Asia and the oil embargo
Avoiding serious disruptions in oil supplies and oil prices has been vital to human welfare since the oil era began after World War I. Indeed, there has been no dearth of real threats to and concerns about oil stability. Periodically there have been analyses coming up for the fall of oil centered Middle Eastern regimes, transnational terrorism against oil production facilities, oil as a weapon of mass destruction, or Organization of Petroleum Exporting Countries opportunism in oil pricing.
As a matter of fact, Asian trade witnesses high oil prices due to a two-facet situation: expectations of firm US economic growth and rising tensions between the West and Iran. Global trade goes through a chaotic scenario, as one crude oil producer, namely Iran, threatened to close the Strait of Hormuz – a chokepoint for onefifth of the world’s traded oil in strong protest to the decision of imposing an embargo on Iranian oil exports.
Oil has significant unique feature, making it harder to replace. It has also been one of the most politically sensitive commodities over the years. And now Asia’s four largest economies are finding out how difficult it is to balance political will with economic reality.
As the US and European Union move to cut Iran’s oil exports, there has been a significant impact on China, Japan, India and South Korea who went on to treading the fine line between international relations and national needs.
The difference in the approach of each Asian economy and their respective stands had a bearing not just on the oil market but also on the success of the embargoes and their impact on Asia. According to Amrita Sen of Barclays Capital, “It will really depend on individual countries and how they embrace the European and the US sanctions.”
In the particular case of China, on the economic front the country is far more reliant on imported oil than it has ever been in the past. Beijing is the largest importer of Iranian oil in Asia, accounting for almost 20 percent of all shipments from Tehran.
China’s rapid growth in recent years has seen a surge in demand for oil in the country. Goldman Sachs has forecast that it will become the world’s largest importer of oil within the next one-and-a-half years.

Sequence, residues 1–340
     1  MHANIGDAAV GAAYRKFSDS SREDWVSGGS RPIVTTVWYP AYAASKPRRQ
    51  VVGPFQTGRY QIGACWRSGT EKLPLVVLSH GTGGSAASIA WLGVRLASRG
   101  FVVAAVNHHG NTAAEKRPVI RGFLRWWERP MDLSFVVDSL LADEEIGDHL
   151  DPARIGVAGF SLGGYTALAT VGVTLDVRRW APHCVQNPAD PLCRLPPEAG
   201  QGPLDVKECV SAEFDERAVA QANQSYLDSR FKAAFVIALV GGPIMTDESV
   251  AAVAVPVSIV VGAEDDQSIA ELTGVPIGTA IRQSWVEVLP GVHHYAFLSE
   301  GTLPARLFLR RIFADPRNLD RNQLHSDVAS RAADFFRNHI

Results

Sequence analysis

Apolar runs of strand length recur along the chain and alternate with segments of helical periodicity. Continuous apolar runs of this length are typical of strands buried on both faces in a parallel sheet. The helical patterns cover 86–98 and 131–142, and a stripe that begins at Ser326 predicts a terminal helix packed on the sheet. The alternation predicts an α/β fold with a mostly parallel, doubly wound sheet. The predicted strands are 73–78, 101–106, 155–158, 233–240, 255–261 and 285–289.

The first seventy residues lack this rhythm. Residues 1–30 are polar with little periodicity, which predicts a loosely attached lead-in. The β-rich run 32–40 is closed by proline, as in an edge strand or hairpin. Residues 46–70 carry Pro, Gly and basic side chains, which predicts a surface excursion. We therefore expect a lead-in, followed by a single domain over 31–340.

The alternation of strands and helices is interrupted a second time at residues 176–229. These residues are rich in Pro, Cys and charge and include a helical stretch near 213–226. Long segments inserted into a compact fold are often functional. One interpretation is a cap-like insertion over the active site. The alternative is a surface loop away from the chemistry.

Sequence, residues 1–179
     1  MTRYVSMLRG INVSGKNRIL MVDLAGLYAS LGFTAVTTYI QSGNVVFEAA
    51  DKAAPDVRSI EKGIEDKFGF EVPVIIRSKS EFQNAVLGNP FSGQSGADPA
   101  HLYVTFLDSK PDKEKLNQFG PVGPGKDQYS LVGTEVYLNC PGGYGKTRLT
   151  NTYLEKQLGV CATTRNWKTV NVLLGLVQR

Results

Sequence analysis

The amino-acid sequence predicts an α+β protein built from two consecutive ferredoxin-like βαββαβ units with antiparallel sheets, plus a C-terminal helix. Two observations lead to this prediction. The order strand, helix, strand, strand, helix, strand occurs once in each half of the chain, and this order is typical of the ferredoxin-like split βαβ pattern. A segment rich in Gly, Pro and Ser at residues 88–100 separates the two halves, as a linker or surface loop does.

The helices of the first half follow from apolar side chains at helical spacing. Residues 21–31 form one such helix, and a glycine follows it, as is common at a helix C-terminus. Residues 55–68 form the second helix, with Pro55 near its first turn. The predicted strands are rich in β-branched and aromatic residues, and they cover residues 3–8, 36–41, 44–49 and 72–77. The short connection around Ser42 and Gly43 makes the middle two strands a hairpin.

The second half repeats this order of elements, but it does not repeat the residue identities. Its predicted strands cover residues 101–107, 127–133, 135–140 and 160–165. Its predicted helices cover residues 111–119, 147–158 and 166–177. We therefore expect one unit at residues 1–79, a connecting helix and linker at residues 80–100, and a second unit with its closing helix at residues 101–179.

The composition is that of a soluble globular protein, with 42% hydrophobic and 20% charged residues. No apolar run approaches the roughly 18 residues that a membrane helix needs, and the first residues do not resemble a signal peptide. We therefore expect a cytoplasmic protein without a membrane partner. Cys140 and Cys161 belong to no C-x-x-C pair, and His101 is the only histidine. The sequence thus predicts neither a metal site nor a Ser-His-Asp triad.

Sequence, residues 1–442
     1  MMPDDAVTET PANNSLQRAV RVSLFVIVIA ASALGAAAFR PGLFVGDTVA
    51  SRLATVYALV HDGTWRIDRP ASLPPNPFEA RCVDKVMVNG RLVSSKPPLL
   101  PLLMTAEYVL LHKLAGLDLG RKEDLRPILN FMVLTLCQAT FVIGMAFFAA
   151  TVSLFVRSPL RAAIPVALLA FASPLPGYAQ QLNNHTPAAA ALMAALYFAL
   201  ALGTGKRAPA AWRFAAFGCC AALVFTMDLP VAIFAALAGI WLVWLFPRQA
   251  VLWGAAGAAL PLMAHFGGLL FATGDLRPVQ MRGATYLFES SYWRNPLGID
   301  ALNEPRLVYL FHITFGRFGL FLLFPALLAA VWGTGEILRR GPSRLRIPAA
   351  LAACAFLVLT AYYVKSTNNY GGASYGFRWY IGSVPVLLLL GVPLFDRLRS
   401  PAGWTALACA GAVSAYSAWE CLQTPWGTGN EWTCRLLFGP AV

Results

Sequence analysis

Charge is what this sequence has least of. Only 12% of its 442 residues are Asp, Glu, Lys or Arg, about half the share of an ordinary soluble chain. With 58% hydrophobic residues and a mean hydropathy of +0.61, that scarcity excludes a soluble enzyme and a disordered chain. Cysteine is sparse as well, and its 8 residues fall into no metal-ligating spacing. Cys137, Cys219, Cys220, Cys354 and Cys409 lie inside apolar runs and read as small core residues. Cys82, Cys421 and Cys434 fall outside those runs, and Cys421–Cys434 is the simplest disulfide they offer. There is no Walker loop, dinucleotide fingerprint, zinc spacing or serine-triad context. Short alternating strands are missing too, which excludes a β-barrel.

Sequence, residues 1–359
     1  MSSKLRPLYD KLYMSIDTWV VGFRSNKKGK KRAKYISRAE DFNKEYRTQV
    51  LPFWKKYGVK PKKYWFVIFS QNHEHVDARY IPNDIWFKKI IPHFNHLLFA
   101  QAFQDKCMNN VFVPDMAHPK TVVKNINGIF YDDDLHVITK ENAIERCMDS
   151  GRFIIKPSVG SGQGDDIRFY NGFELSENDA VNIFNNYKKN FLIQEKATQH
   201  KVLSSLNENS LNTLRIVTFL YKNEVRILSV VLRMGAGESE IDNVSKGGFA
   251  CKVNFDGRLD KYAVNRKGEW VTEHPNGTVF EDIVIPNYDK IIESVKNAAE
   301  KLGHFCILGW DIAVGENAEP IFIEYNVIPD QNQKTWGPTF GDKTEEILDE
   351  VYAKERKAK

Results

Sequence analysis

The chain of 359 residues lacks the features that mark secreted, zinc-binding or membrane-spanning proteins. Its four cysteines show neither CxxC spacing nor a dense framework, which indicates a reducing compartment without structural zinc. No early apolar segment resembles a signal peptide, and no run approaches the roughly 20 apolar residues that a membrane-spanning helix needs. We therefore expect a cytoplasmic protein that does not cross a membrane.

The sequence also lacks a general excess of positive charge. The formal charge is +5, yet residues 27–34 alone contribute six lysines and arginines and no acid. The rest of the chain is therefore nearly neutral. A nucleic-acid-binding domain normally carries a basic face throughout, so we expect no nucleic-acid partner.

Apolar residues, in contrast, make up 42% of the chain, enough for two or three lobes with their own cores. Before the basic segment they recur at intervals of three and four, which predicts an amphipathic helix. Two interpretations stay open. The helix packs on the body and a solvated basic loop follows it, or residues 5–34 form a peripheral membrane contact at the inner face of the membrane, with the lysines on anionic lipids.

It currently imports almost 11 percent of its oil from Iran and analysts say, given the huge domestic demand; it is unlikely that China will reduce the amount.”we are getting to a point where China is saying enough is enough, we are not going to be a part of this,” says Tony Regan of the business consultancy firm Tri-zen.
India is also a major importer of Iranian oil in Asia and unlike China, it has far more cordial and closer political relations with the US.
However, Indian authorities followed China’s strategy over this matter. As Sen of Barclays Capital commented, “They are both rising superpowers and both are huge consumers of oil. For them price matters and since volumes are huge they don’t want to get involved in any such plans.” Historically, India and Iran have enjoyed good relations and are anticipated to continue doing business together, with an apparent intention of securing future supplies.
As far as Japan and South Korea are concerned, together both countries account for more than 20 percent of Iranian exports. Japan and South Korea presented their basic stance as to cooperate with the US over oil sanctions. But analysts pointed out that no major cut down is expected with only enough attempts shown to reduce oil imports from Iran, “They want to get waivers from the US so that Japanese and Korean companies can keep doing business with the Iranian Central Bank.”
The Asian economies face major economic realities at home, which may not permit them to break ties with the major oil exporter, Iran. Therefore, the political will of the US and EU needs to be aligned with a secure future for Asia.